By Andrew Polaniecki
Editor’s Note: This is the first of two installments of Andrew Polaniecki’s account of his jersey collecting experiences. Watch for the second segment in an upcoming edition of SCD.
We all collect different things. Some people collect high end items such as horses, cars or
even planes. Some people collect smaller valued items such as stamps, coins, and even rocks. Heck, I bet you could find someone who really puts their toe jam into a jar. I remember growing up my grandfather had a 30-year-long collection of stamps. No matter how hard he tried, he could never pique my interest away from basketball cards regardless of how many “limited edition,” one out of a million stamp sets he would give to me.
What do I collect? Well that’s not really the proper question to ask me. A more prudent question to ask me is, Who am I? Well I am a jersey collector. A rare, but not uncommon breed that comes with being part of a small but sometimes highly competitive sub-community that for the most part exists solely online.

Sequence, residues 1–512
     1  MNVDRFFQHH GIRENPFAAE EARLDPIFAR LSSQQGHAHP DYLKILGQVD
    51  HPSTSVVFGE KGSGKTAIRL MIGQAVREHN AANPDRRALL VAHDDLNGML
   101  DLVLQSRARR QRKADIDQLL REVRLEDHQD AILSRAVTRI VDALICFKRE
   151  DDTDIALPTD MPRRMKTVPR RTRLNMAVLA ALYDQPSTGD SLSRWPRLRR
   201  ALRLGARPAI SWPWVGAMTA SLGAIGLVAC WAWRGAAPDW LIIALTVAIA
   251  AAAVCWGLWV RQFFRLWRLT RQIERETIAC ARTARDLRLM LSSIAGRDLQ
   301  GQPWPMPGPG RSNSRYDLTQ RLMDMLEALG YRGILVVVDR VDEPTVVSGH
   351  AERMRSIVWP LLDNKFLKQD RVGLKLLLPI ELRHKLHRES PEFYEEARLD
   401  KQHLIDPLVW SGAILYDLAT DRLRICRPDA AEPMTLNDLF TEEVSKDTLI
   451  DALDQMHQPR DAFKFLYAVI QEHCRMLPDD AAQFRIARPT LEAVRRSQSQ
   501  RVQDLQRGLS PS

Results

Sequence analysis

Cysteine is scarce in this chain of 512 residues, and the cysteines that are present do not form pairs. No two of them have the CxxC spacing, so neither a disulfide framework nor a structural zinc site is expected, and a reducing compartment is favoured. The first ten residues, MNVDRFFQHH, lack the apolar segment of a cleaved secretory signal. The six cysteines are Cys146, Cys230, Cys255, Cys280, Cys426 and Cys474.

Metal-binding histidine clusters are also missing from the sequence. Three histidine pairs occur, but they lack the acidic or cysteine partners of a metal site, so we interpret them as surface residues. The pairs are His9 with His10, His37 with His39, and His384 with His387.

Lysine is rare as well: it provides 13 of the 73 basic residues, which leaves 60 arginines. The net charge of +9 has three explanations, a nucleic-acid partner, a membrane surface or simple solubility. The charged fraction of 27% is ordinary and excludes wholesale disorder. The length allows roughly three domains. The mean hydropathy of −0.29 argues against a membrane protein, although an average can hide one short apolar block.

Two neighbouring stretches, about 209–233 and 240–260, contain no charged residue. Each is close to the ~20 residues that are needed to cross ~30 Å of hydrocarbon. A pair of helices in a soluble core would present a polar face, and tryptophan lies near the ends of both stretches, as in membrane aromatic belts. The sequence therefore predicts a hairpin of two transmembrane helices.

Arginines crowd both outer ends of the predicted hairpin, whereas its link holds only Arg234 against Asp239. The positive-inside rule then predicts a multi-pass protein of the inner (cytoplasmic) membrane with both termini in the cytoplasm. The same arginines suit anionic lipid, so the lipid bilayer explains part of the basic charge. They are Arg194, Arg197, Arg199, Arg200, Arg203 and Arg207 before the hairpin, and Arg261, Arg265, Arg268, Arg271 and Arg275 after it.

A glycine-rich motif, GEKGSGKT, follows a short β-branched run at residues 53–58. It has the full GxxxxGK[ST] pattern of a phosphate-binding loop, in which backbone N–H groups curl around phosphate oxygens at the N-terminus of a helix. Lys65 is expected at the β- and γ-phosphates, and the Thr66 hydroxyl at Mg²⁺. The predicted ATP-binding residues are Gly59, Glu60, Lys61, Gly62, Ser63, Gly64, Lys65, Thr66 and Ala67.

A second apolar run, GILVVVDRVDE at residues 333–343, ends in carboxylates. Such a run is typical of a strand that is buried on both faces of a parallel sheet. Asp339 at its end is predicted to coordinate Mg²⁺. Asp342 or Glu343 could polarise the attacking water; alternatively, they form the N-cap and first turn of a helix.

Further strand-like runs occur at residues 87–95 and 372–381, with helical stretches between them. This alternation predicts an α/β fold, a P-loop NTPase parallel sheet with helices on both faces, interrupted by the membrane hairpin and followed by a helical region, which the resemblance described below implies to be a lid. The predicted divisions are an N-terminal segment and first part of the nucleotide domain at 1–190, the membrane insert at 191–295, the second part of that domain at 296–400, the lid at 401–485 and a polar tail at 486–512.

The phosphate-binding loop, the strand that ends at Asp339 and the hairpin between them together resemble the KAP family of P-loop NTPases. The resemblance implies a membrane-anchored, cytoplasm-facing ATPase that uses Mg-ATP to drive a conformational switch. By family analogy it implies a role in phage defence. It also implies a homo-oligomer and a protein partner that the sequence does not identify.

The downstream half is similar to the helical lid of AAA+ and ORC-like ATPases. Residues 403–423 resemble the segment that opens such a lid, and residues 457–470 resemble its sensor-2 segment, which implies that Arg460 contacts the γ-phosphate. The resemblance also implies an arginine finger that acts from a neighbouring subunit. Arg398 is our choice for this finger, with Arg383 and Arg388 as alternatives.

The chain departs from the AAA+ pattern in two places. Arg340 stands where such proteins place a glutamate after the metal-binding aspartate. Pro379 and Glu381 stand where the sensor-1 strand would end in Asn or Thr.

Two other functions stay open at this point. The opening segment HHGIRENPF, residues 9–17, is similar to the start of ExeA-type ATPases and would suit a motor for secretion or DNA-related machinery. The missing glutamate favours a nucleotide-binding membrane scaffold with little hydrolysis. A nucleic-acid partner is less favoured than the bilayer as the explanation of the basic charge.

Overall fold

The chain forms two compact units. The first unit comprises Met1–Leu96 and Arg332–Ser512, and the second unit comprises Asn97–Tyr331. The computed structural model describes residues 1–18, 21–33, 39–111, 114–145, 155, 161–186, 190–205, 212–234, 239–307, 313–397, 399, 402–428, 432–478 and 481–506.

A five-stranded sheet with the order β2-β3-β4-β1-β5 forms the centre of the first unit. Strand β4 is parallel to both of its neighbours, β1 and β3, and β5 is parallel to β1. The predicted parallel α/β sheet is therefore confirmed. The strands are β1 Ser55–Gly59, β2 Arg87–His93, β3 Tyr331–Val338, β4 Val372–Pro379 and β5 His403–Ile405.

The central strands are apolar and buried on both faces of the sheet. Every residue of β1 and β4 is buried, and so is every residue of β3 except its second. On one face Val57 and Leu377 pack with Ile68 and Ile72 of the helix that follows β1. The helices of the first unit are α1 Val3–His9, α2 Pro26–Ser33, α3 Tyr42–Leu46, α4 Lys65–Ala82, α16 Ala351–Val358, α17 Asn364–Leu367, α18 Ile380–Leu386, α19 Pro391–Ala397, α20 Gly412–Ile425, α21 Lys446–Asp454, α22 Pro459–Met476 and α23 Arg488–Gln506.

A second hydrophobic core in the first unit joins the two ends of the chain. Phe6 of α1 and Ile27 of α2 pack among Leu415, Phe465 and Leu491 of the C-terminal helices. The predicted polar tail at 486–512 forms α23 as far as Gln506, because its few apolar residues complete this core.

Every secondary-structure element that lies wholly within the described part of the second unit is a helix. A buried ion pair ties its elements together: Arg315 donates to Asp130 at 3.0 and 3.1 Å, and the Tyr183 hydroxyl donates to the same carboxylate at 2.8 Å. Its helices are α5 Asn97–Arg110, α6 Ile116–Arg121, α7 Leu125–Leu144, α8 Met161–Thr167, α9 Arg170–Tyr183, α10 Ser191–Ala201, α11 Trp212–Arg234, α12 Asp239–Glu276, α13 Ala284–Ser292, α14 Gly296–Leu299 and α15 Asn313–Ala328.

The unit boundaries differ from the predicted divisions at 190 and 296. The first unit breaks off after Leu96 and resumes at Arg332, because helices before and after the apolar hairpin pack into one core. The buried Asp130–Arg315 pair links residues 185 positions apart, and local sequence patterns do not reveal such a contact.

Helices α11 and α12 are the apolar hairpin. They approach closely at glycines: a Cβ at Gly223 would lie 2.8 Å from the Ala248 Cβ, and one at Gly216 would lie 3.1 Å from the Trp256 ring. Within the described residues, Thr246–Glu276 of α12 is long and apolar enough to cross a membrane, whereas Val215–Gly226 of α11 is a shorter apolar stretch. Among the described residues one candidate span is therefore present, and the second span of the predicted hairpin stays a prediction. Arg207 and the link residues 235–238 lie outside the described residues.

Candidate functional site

This piece may not hit home for everyone. Who am I aiming to reach? Well if you once dreamed about owning one of those Champion brand replica jerseys, and begged your parents for years until you actually got one, this article is for you. If you saved up every dollar until you hit 40 to buy one of those Champion replicas yourself, then this article is for you. If you were a teenager who regularly watched MTV’s Total Request Live or BET’s 106 & Park during the early 2000’s just to see which rapper was wearing which Mitchell & Ness throwback, then this one is for you.
Introduction to Jerseys